• Another remark regards the fact that in general Mathematica assumes that variables are complex, however when variables appear in algebriac inequalities then the system assumes that they are real (see e.g. Solve an equation in R+). When we are to solve an equation in reals one should be be careful since there are subtle issues related, they are quite extensively discussed here Why doesn't Roots work on a certain quartic equation?

The problem at hand

The equation can be solved as follows. Since we have two variables we should define one of them as a variable in a function solving the equation. Another important restriction is that we should restrict the variable α. An obvious restriction is that it should be non-negative, however the experssion defining the equation appears to be singular at α == 0 so we should choose an arbitrary constant bounding α from below. By singular we mean that there is an infinite range for searching solutions if we assume only that α > 0. Instead we assume α > c where c is positive. We should also assume an upper bound for α enabling the system to complete searching for solutions. So we define the lower and upper bounds as e.g. 1/1000 and 1000 respectively. So we have:

sol[a_] /; 0 < a < 1/2 := 
  α /. Solve[ Sqrt[α] Cos[a Sqrt[α]] Cos[Sqrt[α] - a Sqrt[α]] ==
                    Sin[Sqrt[α]] && 1000 > α > 1/1000, {α}]

Now we can find all solutions (under the above restrictions). Unlike the other answers suggest there are more solutions than only 2, e.g.

s = sol[1/3]
{ Root[{-Sin[Sqrt[#1]] + Cos[Sqrt[#1]/3] Cos[(2 Sqrt[#1])/3] Sqrt[#1] &, 
  Root[{-Sin[Sqrt[#1]] + Cos[Sqrt[#1]/3] Cos[(2 Sqrt[#1])/3] Sqrt[#1] &, 
  Root[{-Sin[Sqrt[#1]] + Cos[Sqrt[#1]/3] Cos[(2 Sqrt[#1])/3] Sqrt[#1] &, 
  Root[{-Sin[Sqrt[#1]] + Cos[Sqrt[#1]/3] Cos[(2 Sqrt[#1])/3] Sqrt[#1] &, 
  Root[{-Sin[Sqrt[#1]] + Cos[Sqrt[#1]/3] Cos[(2 Sqrt[#1])/3] Sqrt[#1] &, 
  Root[{-Sin[Sqrt[#1]] + Cos[Sqrt[#1]/3] Cos[(2 Sqrt[#1])/3] Sqrt[#1] &,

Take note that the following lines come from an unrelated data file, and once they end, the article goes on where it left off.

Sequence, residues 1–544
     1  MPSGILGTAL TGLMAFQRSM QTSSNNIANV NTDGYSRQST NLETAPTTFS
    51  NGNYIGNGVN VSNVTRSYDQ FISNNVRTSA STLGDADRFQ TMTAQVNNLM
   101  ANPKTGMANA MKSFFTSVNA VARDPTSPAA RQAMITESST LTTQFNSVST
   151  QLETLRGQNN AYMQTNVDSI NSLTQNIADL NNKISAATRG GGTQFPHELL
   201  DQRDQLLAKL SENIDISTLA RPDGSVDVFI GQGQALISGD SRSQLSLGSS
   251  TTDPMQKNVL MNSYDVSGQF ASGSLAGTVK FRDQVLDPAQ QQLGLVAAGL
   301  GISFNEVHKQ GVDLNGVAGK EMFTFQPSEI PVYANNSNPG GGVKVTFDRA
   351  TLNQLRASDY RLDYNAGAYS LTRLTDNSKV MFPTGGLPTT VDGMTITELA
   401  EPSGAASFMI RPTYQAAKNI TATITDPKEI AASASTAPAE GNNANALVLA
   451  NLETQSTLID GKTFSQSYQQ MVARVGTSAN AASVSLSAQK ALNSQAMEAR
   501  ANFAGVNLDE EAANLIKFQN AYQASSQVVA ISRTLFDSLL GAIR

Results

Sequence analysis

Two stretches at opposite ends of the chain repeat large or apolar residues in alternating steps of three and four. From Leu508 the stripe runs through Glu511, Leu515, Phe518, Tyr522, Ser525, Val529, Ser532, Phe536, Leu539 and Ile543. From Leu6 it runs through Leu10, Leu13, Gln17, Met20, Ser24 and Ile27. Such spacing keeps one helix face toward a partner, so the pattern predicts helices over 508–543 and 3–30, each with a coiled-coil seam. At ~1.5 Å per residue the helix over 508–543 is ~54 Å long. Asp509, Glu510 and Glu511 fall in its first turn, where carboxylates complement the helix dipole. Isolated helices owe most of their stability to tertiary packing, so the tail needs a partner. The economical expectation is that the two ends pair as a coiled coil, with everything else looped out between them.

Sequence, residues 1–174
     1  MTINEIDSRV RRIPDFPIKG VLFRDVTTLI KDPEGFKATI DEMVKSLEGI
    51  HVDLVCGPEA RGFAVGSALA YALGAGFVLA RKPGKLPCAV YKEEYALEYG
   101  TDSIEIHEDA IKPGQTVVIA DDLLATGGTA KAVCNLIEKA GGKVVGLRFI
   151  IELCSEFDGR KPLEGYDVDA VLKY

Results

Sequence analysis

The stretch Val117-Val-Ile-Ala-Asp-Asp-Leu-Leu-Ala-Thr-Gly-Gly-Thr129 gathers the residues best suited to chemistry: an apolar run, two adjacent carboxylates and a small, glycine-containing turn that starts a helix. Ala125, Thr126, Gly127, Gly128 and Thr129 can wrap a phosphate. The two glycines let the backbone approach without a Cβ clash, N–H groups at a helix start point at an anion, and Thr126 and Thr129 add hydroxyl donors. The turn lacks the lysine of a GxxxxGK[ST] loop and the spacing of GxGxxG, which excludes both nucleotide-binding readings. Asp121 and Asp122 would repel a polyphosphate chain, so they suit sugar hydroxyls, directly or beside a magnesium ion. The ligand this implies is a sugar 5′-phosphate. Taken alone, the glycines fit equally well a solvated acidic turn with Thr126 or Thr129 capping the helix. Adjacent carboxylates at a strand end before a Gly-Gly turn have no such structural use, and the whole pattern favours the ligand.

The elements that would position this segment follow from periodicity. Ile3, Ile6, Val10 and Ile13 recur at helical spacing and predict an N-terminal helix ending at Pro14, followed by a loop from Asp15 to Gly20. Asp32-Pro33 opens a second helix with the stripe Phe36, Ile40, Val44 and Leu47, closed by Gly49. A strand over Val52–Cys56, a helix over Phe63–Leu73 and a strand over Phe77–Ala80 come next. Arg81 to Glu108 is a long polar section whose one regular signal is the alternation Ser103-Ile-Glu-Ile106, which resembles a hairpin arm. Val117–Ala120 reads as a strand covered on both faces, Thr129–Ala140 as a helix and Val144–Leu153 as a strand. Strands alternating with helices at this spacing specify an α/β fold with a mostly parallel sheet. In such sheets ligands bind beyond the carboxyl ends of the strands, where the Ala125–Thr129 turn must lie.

Root[{-Sin[Sqrt[#1]] + Cos[Sqrt[#1]/3] Cos[(2 Sqrt[#1])/3] Sqrt[#1] &, 
  Root[{-Sin[Sqrt[#1]] + Cos[Sqrt[#1]/3] Cos[(2 Sqrt[#1])/3] Sqrt[#1] &, 
  Root[{-Sin[Sqrt[#1]] + Cos[Sqrt[#1]/3] Cos[(2 Sqrt[#1])/3] Sqrt[#1] &, 

One should remember that Root objects are symbolic representations of exact solutions (see How do I work with Root objects?).

We add the related plot:

ContourPlot[ Sqrt[α] Cos[a Sqrt[α]] Cos[Sqrt[α] - a Sqrt[α]] == 
             Sin[Sqrt[α]], {a, 0, 1/2}, {α, 0, 1000}, 
             PlotPoints -> 50, MaxRecursion -> 4, 
             ContourStyle -> {Darker @ Green, Thick}, AspectRatio -> 1, 
             ImageSize -> 550, Epilog -> { Thickness[0.01], Darker @ Cyan , 
                Line[{{1/3, 0}, {1/3, 1000}}], Red, PointSize[0.02], 
                Point[Thread[{1/3, #}& @ s]]}]

where the red points denotes all solutions found on the line a == 1/3 (in cyan), while green curves denote all solutions restricted by the condition 1000 > α > 1/1000.

enter image description here

Without an upper bound for the search the system doesn't tell us if there are any solutions even though one could find them easily

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...thank you for this excellent post...best and beautiful answer to specific question –  ubpdqn Jul 16 at 2:22